Scaling up HIV testing in an academic emergency department: An integrated testing model with rapid fourth-generation and point-of-care testing

The Johns Hopkins University HIV Testing Team

Research output: Contribution to journalArticle

Abstract

Objective. We evaluated two approaches for implementing routine HIV screening in an inner-city, academic emergency department (ED). These approaches differed by staffing model and type of HIV testing technology used. The programmatic outcomes assessed included the total number of tests performed, proportion of newly identified HIV-positive patients, and proportion of newly diagnosed individuals who were linked to care. Methods. This study examined specific outcomes for two distinct, successive approaches to implementing HIV screening in an inner-city, academic ED, from July 2012 through June 2013 (Program One), and from August 2013 through July 2014 (Program Two). Program One used a supplementary staff-only HIV testing model with point-of-care (POC) oral testing. Program Two used a triage integrated, nurse-driven HIV testing model with fourth-generation blood and POC testing, and an expedited linkage-to-care process. Results. During Program One, 6,832 eligible patients were tested for HIV with a rapid POC oral HIV test. Sixteen patients (0.2%) were newly diagnosed with HIV, of whom 13 were successfully linked to care. During Program Two, 8,233 eligible patients were tested for HIV, of whom 3,124 (38.0%) received a blood test and 5,109 (62.0%) received a rapid POC test. Of all patients tested in Program Two, 29 (0.4%) were newly diagnosed with HIV, four of whom had acute infections and 27 of whom were successfully linked to care. We found a statistically significant difference in the proportion of the eligible population tested—8,233 of 49,697 (16.6%) in Program Two and 6,832 of 46,818 (14.6%) in Program One. These differences from Program One to Program Two corresponded to increases in testing volume (n=1,401 tests), number of patients newly diagnosed with HIV (n=13), and proportion of patients successfully linked to care (from 81.0% to 93.0%). Conclusion. Integrating HIV screening into the standard triage workflow resulted in a higher proportion of ED patients being tested for HIV as compared with the supplementary staff-only HIV testing model. New rapid fourth generation testing technology allowed the identification of acute HIV infection and same-visit confirmation of a positive diagnosis.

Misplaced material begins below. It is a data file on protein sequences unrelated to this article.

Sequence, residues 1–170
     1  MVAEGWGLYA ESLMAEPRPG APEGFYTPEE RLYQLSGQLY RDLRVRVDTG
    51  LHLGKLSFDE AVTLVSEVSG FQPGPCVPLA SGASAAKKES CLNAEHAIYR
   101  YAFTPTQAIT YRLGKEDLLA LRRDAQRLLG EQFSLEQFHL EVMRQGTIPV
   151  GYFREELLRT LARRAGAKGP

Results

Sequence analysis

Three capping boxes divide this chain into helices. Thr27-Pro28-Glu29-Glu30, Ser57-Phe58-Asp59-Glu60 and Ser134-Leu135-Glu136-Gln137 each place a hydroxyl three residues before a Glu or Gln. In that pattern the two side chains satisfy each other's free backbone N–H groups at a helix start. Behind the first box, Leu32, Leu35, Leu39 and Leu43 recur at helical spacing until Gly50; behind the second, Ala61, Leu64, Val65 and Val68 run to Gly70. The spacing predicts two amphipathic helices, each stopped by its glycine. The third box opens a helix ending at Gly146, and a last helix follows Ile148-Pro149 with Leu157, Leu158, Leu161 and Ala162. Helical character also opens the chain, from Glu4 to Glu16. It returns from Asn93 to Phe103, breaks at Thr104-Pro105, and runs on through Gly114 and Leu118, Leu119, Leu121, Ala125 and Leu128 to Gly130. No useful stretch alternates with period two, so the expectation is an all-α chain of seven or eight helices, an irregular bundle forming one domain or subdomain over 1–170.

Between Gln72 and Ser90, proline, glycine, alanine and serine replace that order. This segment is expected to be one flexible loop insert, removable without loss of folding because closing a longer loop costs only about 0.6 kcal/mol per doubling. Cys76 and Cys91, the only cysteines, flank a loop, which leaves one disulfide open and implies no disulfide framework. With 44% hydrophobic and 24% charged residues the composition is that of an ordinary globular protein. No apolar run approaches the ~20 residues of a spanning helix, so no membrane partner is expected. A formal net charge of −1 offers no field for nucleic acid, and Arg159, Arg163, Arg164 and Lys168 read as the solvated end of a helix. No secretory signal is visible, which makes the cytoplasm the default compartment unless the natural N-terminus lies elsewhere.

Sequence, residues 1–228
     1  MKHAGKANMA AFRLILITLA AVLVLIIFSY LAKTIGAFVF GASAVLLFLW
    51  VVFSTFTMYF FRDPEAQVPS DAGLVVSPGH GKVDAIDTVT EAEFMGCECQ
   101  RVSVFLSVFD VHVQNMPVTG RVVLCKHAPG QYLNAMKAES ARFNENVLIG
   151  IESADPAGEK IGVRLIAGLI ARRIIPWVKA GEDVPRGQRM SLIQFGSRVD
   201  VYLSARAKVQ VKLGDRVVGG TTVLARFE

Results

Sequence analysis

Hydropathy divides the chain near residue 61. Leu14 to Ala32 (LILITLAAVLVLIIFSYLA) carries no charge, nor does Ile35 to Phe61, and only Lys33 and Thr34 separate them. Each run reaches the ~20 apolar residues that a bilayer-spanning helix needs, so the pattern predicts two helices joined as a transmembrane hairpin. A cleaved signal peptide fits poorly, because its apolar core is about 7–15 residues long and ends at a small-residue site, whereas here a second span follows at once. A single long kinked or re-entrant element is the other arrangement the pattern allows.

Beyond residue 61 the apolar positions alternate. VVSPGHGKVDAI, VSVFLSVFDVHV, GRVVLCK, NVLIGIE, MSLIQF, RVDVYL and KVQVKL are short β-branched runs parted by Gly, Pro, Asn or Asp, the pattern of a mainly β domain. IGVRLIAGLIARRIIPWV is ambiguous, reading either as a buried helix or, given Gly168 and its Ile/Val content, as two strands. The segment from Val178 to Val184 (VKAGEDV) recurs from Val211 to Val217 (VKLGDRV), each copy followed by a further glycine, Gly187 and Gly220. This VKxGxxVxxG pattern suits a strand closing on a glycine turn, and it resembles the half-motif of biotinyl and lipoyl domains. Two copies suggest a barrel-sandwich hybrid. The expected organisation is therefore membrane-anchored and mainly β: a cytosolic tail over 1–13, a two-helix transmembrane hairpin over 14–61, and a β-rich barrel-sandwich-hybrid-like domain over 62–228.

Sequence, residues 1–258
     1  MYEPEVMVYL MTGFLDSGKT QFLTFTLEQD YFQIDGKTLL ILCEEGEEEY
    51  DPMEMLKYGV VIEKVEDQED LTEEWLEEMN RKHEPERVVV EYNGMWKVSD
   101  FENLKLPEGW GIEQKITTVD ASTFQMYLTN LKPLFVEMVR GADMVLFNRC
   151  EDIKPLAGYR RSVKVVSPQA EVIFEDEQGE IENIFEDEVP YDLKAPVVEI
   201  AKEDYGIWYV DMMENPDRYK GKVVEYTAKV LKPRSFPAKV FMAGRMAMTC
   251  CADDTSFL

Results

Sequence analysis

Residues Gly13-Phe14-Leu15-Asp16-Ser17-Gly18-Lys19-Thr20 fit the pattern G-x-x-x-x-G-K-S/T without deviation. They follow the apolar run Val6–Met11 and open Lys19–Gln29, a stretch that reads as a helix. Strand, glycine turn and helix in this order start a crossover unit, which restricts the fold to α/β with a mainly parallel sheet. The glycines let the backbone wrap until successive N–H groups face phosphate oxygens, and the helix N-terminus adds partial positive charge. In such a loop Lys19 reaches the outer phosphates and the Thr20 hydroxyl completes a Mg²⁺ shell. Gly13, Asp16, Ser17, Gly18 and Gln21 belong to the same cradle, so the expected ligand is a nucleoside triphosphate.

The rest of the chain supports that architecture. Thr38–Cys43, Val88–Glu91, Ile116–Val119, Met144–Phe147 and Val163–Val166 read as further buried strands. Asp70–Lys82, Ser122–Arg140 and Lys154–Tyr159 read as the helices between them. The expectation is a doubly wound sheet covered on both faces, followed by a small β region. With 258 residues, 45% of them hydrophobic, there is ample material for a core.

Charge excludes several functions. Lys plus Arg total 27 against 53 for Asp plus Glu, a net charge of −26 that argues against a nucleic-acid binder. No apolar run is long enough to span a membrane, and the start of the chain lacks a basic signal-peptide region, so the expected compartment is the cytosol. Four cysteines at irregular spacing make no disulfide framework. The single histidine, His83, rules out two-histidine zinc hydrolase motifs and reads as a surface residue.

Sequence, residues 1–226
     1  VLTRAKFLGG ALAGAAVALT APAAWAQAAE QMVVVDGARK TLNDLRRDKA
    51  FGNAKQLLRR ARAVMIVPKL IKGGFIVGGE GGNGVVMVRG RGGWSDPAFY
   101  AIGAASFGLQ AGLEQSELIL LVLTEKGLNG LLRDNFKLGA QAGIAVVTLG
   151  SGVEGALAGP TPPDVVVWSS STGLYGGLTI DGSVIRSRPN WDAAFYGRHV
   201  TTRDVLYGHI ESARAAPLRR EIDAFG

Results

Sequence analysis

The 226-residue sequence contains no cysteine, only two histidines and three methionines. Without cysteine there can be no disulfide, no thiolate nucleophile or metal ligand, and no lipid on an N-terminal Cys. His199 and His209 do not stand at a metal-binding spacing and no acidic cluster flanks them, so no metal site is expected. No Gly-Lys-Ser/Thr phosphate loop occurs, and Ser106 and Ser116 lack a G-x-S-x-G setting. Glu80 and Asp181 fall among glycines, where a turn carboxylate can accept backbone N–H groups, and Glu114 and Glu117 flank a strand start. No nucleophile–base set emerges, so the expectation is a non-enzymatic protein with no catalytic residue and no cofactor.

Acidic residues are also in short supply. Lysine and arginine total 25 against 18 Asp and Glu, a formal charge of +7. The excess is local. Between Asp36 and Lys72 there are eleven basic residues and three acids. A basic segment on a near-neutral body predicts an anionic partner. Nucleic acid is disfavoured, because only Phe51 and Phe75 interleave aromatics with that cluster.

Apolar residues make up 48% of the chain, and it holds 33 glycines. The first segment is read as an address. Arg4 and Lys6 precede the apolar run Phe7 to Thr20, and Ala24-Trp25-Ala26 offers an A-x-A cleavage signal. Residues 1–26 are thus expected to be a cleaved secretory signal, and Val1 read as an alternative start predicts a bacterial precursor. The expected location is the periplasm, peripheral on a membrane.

Original languageEnglish (US)
Pages (from-to)82-89
Number of pages8
JournalPublic health reports
Volume131
Issue number1
DOIs
StatePublished - Jan 1 2016

ASJC Scopus subject areas

  • Public Health, Environmental and Occupational Health

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